By Amy Silverman
By Olivia LaVecchia
By Monica Alonzo and Stephen Lemons
By Chris Parker
By Michael Lacey
By Weston Phippen
An NAU graduate with a degree in social work, Bender says she wants to start work on a master's degree at Stanford University after her two-year term ends next June.
Bender's pragmatic approach to the uranium mine is typical. A measure of the tribe's economic troubles is that practical questions have overridden spiritual ones when it comes to digging the land. That contrasts mightily with the Havasupai--their first cousins and next-door neighbors--who are battling in U.S. District Court the very company the Hualapai have invited onto their own land. The Havasupai contend that another uranium mine proposed by Energy Fuels about seventy miles from its tribal headquarters in Supai would "destroy the free exercise of the Havasupai religion as it has existed and been practiced for centuries." The Havasupai also have cited the possible environmental dangers in digging up and moving radioactive ore from that proposed mine.
For the Hualapai, however, Energy Fuels' tantalizing carrot of jobs and royalties has been too much for the tribe to ignore. The tribe's decision to okay Energy Fuels' uranium-exploration plan naturally elates firm president Gerald Grandey.
"The Hualapai are at a crossroads, and they've got some damned good leadership," Grandey says by phone from his Denver office. "Carrie Bender, Edgar Walema--he's controversial because he's been a conscience for that tribe. He says, `We got to look at ourselves, where we're going, what do we want, what risks do we want to take, what kind of tribe do we want to be in 25 or 30 years?'"
Grandey clearly approves of the direction the Hualapai are taking. "The contrast with the Havasupai tribe is amazing," he says.
A MAN WHO calls himself Little Bear stumbles into the Truxton Buffet Bar on old Route 66. Seven miles west of Peach Springs, it's the closest place to the Hualapai reservation that sells liquor legally.
"What are you white boys doing here?" Little Bear asks two guys sitting at the bar. "Buy me a beer." Before waiting for a reply, he dumps all his money onto the counter and asks transplanted Englishman Geoff Berry for two six-packs. "I'm gonna kick your ass," Little Bear hisses at Berry when told he's a dollar short of having enough for sixteen-ounce Buds. He grabs his two six-packs of twelve-ouncers and steps back into the biting winter air. The gas pump in front of the ancient store stopped working when gas was 73 cents per gallon.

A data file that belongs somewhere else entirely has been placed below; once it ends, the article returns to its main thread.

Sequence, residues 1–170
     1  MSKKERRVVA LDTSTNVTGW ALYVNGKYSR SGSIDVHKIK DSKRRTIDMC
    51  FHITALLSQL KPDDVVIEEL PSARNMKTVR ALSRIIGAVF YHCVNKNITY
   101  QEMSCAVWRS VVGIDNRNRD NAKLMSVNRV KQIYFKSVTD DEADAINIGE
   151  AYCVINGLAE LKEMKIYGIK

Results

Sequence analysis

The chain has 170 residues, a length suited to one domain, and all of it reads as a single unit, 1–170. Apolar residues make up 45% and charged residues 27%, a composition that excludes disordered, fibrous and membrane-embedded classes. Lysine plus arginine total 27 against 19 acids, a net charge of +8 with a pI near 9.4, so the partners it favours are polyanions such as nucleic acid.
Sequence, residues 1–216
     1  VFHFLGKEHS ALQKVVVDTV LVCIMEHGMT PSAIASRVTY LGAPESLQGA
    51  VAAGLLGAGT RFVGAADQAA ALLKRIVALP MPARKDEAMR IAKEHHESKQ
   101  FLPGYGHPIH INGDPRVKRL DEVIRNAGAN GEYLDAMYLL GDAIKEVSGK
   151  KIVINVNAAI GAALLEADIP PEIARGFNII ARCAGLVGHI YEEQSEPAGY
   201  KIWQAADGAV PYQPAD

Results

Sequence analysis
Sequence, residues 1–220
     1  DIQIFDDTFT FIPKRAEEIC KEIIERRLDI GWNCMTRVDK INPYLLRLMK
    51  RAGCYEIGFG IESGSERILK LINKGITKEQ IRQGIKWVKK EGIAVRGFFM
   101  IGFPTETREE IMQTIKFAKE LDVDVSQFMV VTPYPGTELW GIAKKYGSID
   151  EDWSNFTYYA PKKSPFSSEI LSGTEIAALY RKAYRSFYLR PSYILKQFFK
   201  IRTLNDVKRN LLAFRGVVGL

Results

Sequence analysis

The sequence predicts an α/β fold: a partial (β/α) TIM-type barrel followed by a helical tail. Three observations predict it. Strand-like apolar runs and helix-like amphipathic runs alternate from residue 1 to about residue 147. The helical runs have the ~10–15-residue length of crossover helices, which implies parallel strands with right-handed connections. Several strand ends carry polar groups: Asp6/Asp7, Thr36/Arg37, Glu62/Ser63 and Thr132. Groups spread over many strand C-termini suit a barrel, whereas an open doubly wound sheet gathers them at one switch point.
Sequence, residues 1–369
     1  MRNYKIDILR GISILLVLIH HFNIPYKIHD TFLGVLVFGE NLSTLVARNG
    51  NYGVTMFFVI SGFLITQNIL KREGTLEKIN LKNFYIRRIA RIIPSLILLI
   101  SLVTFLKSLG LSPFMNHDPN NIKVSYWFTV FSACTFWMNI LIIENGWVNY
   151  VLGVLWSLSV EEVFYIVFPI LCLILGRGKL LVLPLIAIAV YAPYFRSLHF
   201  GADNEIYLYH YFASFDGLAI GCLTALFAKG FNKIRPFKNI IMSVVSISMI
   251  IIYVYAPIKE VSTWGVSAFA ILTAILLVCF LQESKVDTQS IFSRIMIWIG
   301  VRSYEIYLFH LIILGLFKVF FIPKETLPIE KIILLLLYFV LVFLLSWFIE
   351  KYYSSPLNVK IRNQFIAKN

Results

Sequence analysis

Back inside, Berry shrugs off selling liquor to an Indian whose blood-alcohol level is off the scale. "They're almost all of our business," says Berry. He's been in the States for two decades and often sells his own "Indian-inspired" painted rocks to tourists. "We can't cut them off too easily."
Bar owner Harry Moore sidles up to the counter. A retired white miner with a smoker's hack, Moore says that hawking booze to Indians was the last thing he ever figured to be doing in his sixties. He bought the Truxton bar about seven months ago, and he insists he's not about to engage in the venerable tradition of gouging booze-hungry, rural Indians. Moore's reasonable prices bear him out.
"These guys who come in here are happy so long as they got one whiskey to drink," says the craggy-faced Moore. "I'm not gonna rip them off--I'm just not. I charge fair prices. If they want to bootleg the stuff to the Havasupai for $14 a six-pack like they do, that's their business. It's a shame."
Moore sees the problems the Indians face today as a legacy of government intervention. "The white man's taken the heart out of them--made them a second-class, a third-class citizen," he says. "They got no incentive."
Malinda Powskey used to be one of those Hualapai with no incentive. In her younger days, she spent her share of time at Indian bars like Harry Moore's. Now 49, she's a Peach Springs teacher who's beaten the odds and made something of herself.
"Stubborn, that's the word for me," Powskey says during a rugged drive down unpaved Diamond Point Road from Peach Springs to the Colorado River. "I ran away from boarding school at Fort Apache when I was thirteen. Walked for three days. Then I went to Kingman High--there were hardly any Indians there then. I raised my kids, and then I went to college." Powskey didn't enroll at Northern Arizona University until she was in her thirties, and, she says, "I only finished because I'm stubborn."
Although Powskey returned to Peach Springs after she graduated from NAU, she begged her son, Wally, to leave town for good after he graduated from high school.
"I told him he'd be dead of something by the age of thirty if he stayed," she says. "I meant it."
Now in his late twenties, married and attending school and working part-time in Phoenix, Wally Majenty has taken his mom's advice to heart.
"Peach Springs is a different culture," he says. "My mom was right. There was nothing but trouble for me there. For some of us, the light comes on: `What am I going to do there?' Nothing, unless you go into tribal politics, or work for the school or the government. No way."